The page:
Was the Olympic regatta a success? Yes, of course it was! It would be churlish to suggest otherwise. But before we can answer the question, we really need to consider whose point of view we’re talking about.  

If you’re looking at it from Team GB’s point of view, then five medals from such a high achieving team was about where we expected to be, although there was a sense of deflation at winning a very respectable one gold and four silvers. This was probably because three of those silvers came so close to turning to gold. But in reality, who can complain about such a medal haul? It’s a medal haul that the likes of Italy, Germany, Russia and the USA would have killed for.  

In fact, when you look at the desperate measures that Russia turned to in order to try and regain a chance of winning a bronze medal from Finland in the women’s match racing, you begin to wonder if murder really was on the agenda. It was unusual enough to have an on-the-water protest immediately after the bronze-deciding match race had gone in Finland’s favour. But then to pursue the matter afterwards with the Court of Arbitration for Sport in Switzerland, well that really does take the biscuit.  

Anyway, to return to the question of whether or not this was a successful Olympic Regatta, let’s think about some of the other points of view involved. On the subject of that match race, I was fortunate enough to be given a couple of tickets by a British 470 sailor to go to the ticketed area at the Nothe for the very final day of the regatta. To be honest, having already been reporting from the media centre in Portland for the past fortnight, I was more than ready to go home. There was, sadly, no British interest in the final day, but I had heard such great things about Ben’s Nevis - as the Nothe came to be known - that I felt compelled to go.  

Word was that a survey of spectator satisfaction across the whole Games revealed that the Nothe was polling at the very top. For a sport that is not considered to be good spectator fodder, and typically polls at the bottom of any measure of media interest, that is an incredible statistic. To be honest, I still struggle to believe that sailing - even on a very good day - can live up to the drama of an evening of athletics in the Olympic Stadium.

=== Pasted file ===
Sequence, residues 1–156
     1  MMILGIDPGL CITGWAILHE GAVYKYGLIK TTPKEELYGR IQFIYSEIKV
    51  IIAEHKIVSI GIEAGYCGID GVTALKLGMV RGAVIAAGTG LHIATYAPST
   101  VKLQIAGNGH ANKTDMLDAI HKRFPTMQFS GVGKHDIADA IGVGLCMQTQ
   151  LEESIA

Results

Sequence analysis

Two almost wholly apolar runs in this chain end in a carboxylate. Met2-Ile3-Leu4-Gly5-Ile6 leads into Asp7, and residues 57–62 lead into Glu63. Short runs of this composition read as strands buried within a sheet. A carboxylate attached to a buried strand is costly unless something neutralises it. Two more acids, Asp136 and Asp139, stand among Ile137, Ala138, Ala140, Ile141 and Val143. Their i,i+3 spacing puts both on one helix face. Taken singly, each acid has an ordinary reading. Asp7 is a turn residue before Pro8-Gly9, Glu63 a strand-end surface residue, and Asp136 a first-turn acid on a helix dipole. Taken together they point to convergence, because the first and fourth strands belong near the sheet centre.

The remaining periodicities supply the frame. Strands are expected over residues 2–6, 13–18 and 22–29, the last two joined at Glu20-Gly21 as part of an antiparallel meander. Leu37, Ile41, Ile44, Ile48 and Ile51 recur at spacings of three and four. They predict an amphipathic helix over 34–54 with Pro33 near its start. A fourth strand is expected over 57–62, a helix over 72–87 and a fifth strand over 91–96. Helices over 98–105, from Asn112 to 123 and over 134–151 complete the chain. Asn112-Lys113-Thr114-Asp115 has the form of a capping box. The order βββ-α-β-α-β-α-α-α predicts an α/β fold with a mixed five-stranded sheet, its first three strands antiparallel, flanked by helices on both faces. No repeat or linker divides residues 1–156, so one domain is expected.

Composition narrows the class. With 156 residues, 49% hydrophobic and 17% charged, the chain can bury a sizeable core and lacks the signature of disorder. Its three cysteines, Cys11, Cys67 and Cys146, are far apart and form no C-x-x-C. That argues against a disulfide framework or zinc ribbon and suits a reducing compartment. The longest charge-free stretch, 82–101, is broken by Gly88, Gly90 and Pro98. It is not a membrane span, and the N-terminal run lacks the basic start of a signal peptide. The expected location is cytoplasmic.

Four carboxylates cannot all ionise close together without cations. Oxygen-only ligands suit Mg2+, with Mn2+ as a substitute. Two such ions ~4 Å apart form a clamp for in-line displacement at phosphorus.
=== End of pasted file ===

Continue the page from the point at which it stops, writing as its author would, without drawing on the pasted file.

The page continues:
But anyway, I decided to go along with fellow sailing journalist Matthew Sheahan to find out what all the fuss was about. I have to say I was pleasantly surprised. Nothe commentators Andy Green and Hannah White were doing a great job of geeing up the audience, getting us to do Mexican waves and cheering for the sailors every time a boat rounded a mark of the course.  

It was the first time in the whole fortnight that the wind had blown from the south-east, which meant blowing onshore, allowing for much steadier winds and much bigger waves then we had seen in any of the other medal races. And the match racing - I have to admit - was pretty darn entertaining. If you have paid attention to my views on match racing before, you’ll know that I never rated it as an Olympic event. And for all sorts of reasons - in terms of how it fits (or doesn’t) with the whole ISAF World Cup structure, how it has failed to attract more women into Olympic sailing, and so on - I stand by my general view. But if I base my observations entirely on what I saw that day, from the point of view of a spectator having a picnic on the Nothe course, it was a great afternoon’s entertainment.  

The Australian match race team looked to have the measure of the Spanish crew, but some major errors, not least helmsman Olivia Price falling out of the boat during a wild broach and having to be recovered by her crew, meant it was Tamara Echegoyen and her team who became the surprise winners of the gold medal.  

So from a live spectator’s point of view the Nothe course was undoubtedly a big success, and sailing has taken a big step forward in terms of its spectator appeal. But were the vagaries of the Nothe course a price worth paying by the sailors? I received a number of emails from friends and sailing fans who believed the randomness of the racecourse was a step too far. The success of the Nothe has created an interesting dilemma for the sport. How far do you go to appeal to spectators, and how far should the purity of the sport be compromised?  

It’s only when you’ve won a gold medal on a course like that that you really have the credibility to be able to speak out against it, and it was interesting to note that Ben Ainslie said he was glad that he would never had to race on the Nothe again, having just won the gold medal by the narrowest of margins. Iain Percy and Bart Simpson lost the gold medal by just two seconds across the finish line of the Star medal race, and they didn’t complain about the course. It would have sounded like sour grapes if they had, although we would have understood and sympathised.  

Personally, and it’s easy for me to say, I think the Nothe course was a price just about worth paying. And to be honest, the sailors had better get used to it. Where Weymouth had the wind shadow of the Isle of Portland (495 feet at its highest point) and Wyke Regis, the medal race area in Rio 2016 will have 1,299 feet of Sugarloaf Mountain.